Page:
The story of One Piece Odyssey is, sadly, rather disappointing. Throughout his lifetime, One Piece has provided fans with many wonderful and memorable stories and created a fascinating world full of lore and intrigue. The idea of playing an original story full of action and adventure set in the world of One Piece as an RPG is a very exciting one, but Odyssey largely sidesteps that possibility and revisits past story arcs in Memoria. and allows the Straw Hat Pirates to recover their powers. These trips into the past make up the bulk of his 30-40 hours of playtime in the game. While the current crew’s interactions as they revisit places and people from the past are thoughtfully portrayed, setting the game in an already-solved dream world narrative, even if it would have played out differently. , their drama and clout is lost. — The conclusion is already known, the stakes are unattractive, and the characters are just doing what it takes to reach the inevitable finale we’ve seen so far. Fetch quests and NPC hunting. Having lots of style padding doesn’t help either.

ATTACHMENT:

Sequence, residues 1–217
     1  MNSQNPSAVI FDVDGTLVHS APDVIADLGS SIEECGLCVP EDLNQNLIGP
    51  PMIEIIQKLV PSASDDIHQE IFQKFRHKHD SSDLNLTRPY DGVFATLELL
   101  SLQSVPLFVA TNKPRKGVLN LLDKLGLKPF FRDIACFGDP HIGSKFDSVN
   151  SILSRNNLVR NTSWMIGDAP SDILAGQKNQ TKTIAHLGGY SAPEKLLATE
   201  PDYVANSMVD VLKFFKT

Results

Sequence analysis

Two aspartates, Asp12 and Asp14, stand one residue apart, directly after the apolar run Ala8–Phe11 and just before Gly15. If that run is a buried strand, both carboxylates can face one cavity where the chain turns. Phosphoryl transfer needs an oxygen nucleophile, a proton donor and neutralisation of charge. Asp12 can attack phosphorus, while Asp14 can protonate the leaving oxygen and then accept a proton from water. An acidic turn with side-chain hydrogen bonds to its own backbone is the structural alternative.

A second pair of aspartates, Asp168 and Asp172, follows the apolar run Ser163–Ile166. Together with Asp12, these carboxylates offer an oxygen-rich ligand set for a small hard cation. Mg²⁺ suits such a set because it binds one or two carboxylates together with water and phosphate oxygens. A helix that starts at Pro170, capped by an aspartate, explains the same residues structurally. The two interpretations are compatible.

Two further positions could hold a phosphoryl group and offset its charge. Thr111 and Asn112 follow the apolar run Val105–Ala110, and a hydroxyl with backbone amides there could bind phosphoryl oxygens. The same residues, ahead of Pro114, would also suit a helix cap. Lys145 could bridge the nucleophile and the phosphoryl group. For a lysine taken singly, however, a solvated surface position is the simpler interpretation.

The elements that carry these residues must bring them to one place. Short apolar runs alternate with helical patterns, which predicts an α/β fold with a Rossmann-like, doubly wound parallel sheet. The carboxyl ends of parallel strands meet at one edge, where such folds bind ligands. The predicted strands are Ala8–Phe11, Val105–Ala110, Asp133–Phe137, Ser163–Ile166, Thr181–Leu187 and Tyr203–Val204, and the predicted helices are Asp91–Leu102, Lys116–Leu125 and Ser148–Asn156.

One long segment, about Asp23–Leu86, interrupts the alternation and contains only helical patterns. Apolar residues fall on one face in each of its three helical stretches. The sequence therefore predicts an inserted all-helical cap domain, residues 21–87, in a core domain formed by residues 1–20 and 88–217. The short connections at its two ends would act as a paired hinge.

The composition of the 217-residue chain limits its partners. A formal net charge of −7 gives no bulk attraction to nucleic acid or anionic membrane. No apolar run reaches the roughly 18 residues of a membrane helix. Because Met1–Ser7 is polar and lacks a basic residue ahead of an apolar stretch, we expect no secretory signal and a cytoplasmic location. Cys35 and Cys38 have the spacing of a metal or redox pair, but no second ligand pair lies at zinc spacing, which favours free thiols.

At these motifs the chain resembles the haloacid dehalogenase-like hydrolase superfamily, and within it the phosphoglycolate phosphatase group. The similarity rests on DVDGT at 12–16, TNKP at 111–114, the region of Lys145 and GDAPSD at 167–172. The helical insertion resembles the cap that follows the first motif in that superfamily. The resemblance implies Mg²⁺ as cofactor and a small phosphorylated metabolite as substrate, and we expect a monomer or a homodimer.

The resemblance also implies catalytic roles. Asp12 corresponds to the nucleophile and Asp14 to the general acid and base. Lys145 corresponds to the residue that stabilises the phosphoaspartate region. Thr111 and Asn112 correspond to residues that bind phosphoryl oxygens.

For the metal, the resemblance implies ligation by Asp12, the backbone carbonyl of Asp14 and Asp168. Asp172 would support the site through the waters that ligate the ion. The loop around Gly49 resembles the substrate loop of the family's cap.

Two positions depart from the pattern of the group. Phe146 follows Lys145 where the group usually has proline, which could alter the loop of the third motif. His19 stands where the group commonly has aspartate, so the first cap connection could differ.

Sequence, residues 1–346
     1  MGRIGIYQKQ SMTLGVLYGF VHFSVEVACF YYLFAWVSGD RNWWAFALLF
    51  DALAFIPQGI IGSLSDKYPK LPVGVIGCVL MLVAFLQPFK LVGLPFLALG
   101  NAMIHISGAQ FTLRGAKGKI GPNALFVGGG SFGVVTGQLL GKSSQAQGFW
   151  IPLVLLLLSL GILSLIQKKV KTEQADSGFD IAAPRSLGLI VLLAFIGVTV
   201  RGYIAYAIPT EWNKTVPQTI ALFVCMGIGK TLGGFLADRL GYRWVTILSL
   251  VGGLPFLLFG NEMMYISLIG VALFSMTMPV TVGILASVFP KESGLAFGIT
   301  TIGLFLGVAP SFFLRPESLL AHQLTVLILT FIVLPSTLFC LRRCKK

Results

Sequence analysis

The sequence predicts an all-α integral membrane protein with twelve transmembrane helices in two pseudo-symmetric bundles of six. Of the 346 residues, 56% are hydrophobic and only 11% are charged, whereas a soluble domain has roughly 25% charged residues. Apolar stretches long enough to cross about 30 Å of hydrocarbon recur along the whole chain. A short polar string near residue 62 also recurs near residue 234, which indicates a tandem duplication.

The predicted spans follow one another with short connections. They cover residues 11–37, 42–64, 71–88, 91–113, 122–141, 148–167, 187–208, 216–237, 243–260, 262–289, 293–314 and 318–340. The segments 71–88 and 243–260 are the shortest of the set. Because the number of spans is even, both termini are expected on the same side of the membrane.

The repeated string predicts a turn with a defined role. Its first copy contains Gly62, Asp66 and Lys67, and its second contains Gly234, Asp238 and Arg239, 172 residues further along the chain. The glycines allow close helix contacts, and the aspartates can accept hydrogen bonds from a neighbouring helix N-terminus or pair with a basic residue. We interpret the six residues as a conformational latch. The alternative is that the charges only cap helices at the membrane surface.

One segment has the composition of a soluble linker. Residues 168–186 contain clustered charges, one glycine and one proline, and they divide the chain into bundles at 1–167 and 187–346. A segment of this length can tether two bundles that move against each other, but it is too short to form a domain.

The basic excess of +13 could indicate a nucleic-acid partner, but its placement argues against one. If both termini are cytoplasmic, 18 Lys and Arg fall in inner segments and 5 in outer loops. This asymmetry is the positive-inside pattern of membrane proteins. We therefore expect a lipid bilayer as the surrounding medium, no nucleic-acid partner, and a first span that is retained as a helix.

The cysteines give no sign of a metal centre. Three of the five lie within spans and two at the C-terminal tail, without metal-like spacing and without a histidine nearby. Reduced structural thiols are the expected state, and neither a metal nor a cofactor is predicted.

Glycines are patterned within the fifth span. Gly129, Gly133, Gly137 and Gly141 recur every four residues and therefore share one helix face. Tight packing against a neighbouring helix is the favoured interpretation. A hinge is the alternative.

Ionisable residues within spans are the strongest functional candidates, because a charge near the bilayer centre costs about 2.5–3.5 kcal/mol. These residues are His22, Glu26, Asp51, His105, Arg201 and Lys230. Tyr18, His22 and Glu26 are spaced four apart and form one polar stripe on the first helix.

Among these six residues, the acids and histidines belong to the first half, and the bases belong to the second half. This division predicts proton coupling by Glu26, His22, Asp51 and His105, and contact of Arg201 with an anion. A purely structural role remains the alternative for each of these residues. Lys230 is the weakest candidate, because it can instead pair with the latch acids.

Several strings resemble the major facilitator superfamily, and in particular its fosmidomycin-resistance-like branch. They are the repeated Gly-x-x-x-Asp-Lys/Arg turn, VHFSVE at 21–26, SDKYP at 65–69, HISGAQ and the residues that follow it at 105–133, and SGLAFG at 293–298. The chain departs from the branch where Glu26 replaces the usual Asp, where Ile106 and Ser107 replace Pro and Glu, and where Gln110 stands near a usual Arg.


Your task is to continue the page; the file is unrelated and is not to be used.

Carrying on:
Right from the start, One Piece Odyssey has captured the look and feel of the manga beautifully. The character models are vibrant, and their animation and presentation fit right in with the goofy slapstick exercise that defines One Piece’s action style and character art. The combat animations are particularly well-done, with Luffy’s rubber-limbed smackdown, Usopp’s comical sniper technique, and Robin’s strangely sensory multi-limbed combat obedience attacks all authentically sourced from his material. It looks dynamic in a way that makes it feel like. The interactions between characters are also in line with what fans of the series have come to expect. As you explore different environments, the Straw Hats joke and bicker with each other, adding just enough charm to the progression and truly letting the personalities that many have come to love shine through. is limited to Japanese only and has no English localization options. This is something Dub his fans should remember.